Most of the technical literature is concerned with specifics
of the technology, for example the excellent guide
by Grant Erickson of the Uni of Minnesota, or with sound
and video recording.
Examples of that work are Sorin Stanís definitive The
CD-ROM Drive: A Brief System Description (London:
Kluwer 1998), Lee Purcell's CD-R/DVD Disc Recording
To Optical Media (New York: McGraw-Hill 2000), Mark
Chambersí Recordable CD Bible (New York: IDG Books
1997), the CD-ROM Professional's CD-Recordable Handbook:
The Complete Guide To Practical Desktop CD (New York:
Info Today 1996) by Dana Parker & Robert Starrett
and their more general New Rider's Guide to CD-ROM
(Indianapolis: New Riders 1994).
The CD-ROM Handbook (New York: McGraw-Hill 1994) is
a detailed collection of technical papers, edited by Chris
Sherman, on the history of CD-ROM and CD-R.
Purcell & David Martin collaborated on The Complete
Guide to Recordable CD (New York: SYBEX 1997). Many
of the above are accompanied by a CD-ROM of demonstration
software for several platforms.
Electronic Publishing on CD-ROM: Authoring, Development
& Distribution (Sebastopol: O'Reilly 1996) by
Steve Cunningham & Judson Rosebush and Creating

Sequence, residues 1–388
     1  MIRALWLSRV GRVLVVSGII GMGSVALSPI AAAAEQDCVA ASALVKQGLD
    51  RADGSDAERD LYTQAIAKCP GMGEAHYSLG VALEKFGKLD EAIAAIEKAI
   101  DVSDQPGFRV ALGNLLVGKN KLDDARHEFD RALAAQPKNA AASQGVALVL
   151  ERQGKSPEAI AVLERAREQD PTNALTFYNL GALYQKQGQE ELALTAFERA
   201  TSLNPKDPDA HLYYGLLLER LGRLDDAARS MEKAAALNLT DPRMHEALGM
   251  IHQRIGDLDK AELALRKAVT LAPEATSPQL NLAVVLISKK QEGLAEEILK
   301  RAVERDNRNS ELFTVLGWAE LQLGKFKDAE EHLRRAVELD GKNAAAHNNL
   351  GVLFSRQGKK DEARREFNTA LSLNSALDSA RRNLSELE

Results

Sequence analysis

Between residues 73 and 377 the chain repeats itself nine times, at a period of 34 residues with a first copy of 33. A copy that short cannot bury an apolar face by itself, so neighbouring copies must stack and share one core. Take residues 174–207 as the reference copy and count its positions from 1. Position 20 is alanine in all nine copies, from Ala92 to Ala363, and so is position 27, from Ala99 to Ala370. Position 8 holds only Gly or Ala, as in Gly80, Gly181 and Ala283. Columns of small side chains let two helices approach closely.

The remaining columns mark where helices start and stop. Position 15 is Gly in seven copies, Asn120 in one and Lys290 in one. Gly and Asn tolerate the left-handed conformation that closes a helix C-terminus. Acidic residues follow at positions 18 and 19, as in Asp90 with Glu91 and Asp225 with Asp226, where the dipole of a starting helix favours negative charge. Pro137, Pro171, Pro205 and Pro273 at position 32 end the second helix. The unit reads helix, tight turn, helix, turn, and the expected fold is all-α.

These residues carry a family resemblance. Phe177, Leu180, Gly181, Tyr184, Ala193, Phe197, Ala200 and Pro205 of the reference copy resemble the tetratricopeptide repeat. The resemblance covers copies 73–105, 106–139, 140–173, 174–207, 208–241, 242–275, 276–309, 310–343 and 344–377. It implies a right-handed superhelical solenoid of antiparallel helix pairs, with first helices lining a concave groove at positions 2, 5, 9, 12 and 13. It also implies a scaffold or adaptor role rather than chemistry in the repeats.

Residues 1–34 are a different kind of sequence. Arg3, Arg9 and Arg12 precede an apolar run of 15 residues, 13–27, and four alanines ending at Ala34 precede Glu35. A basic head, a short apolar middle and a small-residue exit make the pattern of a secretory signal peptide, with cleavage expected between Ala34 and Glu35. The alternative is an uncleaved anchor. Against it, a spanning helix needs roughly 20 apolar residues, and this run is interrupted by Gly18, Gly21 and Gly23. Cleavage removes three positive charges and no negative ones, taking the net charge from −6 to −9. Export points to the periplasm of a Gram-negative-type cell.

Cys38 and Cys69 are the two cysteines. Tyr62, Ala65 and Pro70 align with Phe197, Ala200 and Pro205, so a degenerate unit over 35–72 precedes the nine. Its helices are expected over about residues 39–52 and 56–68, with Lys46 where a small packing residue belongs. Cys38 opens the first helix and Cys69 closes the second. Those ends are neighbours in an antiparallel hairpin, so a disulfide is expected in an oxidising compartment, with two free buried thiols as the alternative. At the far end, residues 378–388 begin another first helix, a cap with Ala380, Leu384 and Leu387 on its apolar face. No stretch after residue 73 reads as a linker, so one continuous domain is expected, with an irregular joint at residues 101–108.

Interactive CD-ROMs for Windows & Macintosh (Boston:
AP Professional 1996) by Scott Fisher are now difficult
to obtain, as is Electronic Publishing Unleashed: Discover
the Power of Electronic Publishing Online & Via CD-ROM
(Indianapolis: SAMS 1995) by William Stanek, Lee Purcell
& Robert Bind. The latter's title foreshadowed the
future: the next edition was simply titled Web Publishing
The archival performance of CD-ROMs and CD-RWs remains
contentious. One starting point is the discussion in Images
on Ice (PDF)
by E. Sapwater.
In presenting information online publishers have several
options, depending on requirements for navigation through
the document, verisimilitude to a printed text and inclusion
of audiovisual content.
In practice publication as ASCII text - just the text,
nothing but the text (no hyperlinks, no formatting) -
while acceptable for a browserless internet of the early
1990s is no longer a viable presentation standard.
Debate instead rages about PDF versus derivatives of Standard
Generalized MarkUp Language (SGML) - ie XML, TEI and HTML
- and about particular graphic or audiovisual tools such
as TIFF, GIF, JPEG and PNG. The following page of
this guide explores those standards. Later pages look
at how they are being used by specialist and general publishers.
As a starting point Bill Kasdorf's 1998 article